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Justice? In Ireland, many just can’t afford it.

“If you are a pauper, yes. If you are a millionaire, yes. But if you are a middle-class person on a middle-class salary, litigation in the High Court is ruinous.”

These were the words of Mr Justice Kelly as he assumed the chairmanship of the Review of the Administration of Civil Justice in 2018. He neglected to point out that even for millionaires, litigation in the High Court could prove ruinous.

The provision of “equality of arms” before a court in criminal, and to a lesser extent civil trial in Ireland is well established. The extent to which this is in fact vindicated in practice is another matter. The cost of contract enforcement in Ireland is the fourth highest in the EU. The high cost of litigation in Ireland prevents access by SMEs to the courts to challenge public procurement decisions. This semester report also notes the average time to enforce contracts in Ireland at 650 days (p81). The commentary from the Commission is unusually explicit: “Concerning enforcement of contracts, Ireland scores poorly on all three indicators (time required to enforce a contract through the courts, cost required and quality of judicial process). In particular, the cost, which corresponds to 26.9% of the claim value, is particularly affected by attorney fees (18.8% of the value).” It is noteworthy in the EU Commission semester reports that criticism of our legal system and its costs has been a consistent and recurrent theme since the last recession.

The net result of this situation is that the relative means of the litigants in a civil case in Ireland are far more important and material than are the merits of the opposing cases in deciding an eventual outcome. The ability of one party to absorb significantly more cost in the prosecution of litigation against another thus presents a fundamental asymmetry in the ability of the parties to secure a fair trial. It defeats any concept of equality of arms. We consider this to be fundamentally unfair. We are not alone in this view.

In his written judgment in the Persona case, the current Chief Justice considered at length the “access to justice” merits of permitting third-party funding of litigation. In considering whether the current state of the law denied Persona access to justice, Mr Justice Clarke had to weigh up whether that would have implications for the law of champerty. He stated:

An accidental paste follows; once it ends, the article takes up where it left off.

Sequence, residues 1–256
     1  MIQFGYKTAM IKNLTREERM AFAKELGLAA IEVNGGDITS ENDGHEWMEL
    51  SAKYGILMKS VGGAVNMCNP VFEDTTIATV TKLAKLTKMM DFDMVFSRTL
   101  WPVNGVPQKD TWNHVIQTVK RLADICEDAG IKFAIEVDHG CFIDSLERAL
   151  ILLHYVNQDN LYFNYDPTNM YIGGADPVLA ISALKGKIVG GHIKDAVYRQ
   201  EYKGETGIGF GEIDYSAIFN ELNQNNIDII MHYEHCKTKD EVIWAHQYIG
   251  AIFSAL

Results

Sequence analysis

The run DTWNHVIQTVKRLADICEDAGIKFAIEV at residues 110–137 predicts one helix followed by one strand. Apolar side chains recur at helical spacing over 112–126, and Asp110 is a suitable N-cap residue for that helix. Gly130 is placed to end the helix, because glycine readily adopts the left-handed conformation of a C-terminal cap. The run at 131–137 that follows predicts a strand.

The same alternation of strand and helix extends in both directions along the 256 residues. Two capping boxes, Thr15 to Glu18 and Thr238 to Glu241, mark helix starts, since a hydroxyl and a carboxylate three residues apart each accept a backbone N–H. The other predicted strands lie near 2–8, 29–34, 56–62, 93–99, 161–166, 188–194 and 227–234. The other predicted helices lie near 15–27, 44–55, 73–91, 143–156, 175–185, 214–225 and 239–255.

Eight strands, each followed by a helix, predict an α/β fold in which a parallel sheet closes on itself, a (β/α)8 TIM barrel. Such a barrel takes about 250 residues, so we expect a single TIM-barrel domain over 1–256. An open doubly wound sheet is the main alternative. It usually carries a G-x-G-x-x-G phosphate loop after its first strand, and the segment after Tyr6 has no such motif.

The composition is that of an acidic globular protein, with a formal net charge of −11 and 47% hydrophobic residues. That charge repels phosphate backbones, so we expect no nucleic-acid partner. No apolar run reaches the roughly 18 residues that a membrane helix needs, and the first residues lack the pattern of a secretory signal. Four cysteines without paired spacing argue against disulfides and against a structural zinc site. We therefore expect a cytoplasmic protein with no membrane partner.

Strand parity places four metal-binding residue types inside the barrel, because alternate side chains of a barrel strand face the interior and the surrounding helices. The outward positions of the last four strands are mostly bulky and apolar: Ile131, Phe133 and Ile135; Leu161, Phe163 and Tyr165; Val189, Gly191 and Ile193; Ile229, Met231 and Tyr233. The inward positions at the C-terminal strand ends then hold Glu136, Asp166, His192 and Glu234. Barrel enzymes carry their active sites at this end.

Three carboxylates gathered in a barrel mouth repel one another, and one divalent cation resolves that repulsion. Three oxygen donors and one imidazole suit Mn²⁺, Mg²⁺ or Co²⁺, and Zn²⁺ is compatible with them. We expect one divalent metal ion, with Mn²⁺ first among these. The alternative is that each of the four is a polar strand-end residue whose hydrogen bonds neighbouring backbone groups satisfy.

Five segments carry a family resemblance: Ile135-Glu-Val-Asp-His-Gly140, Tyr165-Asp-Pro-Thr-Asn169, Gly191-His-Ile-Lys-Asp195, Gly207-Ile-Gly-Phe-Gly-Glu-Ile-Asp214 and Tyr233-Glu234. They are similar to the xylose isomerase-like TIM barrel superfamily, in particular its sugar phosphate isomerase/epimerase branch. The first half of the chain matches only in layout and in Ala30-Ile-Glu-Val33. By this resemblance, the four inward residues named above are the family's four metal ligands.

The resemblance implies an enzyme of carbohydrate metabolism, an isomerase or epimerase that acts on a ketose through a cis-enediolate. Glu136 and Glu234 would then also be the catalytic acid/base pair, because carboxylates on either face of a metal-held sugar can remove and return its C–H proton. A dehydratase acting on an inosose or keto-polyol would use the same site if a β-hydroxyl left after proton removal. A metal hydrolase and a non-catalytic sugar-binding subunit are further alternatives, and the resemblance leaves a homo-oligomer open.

“there are many ways in which such difficulties might be alleviated. Legal aid is one. Adjustments to “no foal no fee” or conditional fee type arrangements might be another. Changes in the balance between the obligations of the parties and the resources provided by the Court might be a third. Clearly some form of legitimate third-party funding could be a fourth.”

The material factor for the Supreme Court in finding against Persona was that the pre-independence Maintenance and Embracery Act 1634 remained on the Irish Statute book. Persona discontinued their case in 2016 following this decision, citing the €10m cost of litigation as prohibiting them from proceeding.

Maintenance is the intermeddling of a disinterested party to encourage a lawsuit. Champerty is the “maintenance” of a person in a lawsuit where the maintainer agrees to take a share of the proceeds of litigation. This is also known as litigation finance. Given its status as a British statute, it is significant that the United Kingdom abolished the offence of champerty in 1967.

While deciding for the defendant in dismissing the Persona case, Mr Justice Clarke expressed a significant caveat:

“…the courts must act to find a remedy in any case where there is a breach of constitutional rights. While the choice, as a matter of policy, between a range of possible ways in which a potential breach of constitutional rights might be removed is fundamentally a matter for either the Oireachtas or the Executive, it may be that circumstances could arise where, after a definitive finding that there had been a breach of constitutional rights but no action having been taken by either the legislature or the government to alleviate the situation, the courts, as guardians of the Constitution, might have no option but to take measures which would not otherwise be justified.

Given this injunction, it can only be a matter of time where Irish courts do decide that a genuine access-to-justice issue arises for a party to litigation which would amount to an infringement of their constitutional rights. Mr Justice Clarke concluded in this judgment:

…if a breach were to be established and a court were to so hold, it would clearly be appropriate for the Court to afford the Oireachtas and/or the Executive an opportunity to decide what the best solution might be. If, however, in such circumstances no action whatsoever was taken (or action which clearly was insufficient to meet whatever requirement had been identified) then there might very well be a strong argument that the Court’s jurisdiction would necessarily have to extend to taking whatever measures were necessary.

Where there is a constitutional problem and policy choices as to its solution, then it is clearly for the Oireachtas and/or the Executive to choose which possible answer should be adopted. But there are strong grounds for believing that there cannot, in those circumstances, just be no answer.

As of September 2020, there remains “no answer.”

Short of a major pivot towards civil legislation in Ireland, accompanied by the recruitment of a large number of civil code judges, the simplest way in which to redress this issue is the repeal by the legislature of the Maintenance and Embracery Act 1634. The Oireachtas must act now.

Neil McDonnell is CEO of the Irish SME Association, ISME, Ireland largest and only independent SME association representing more than 11,000 SMEs. 

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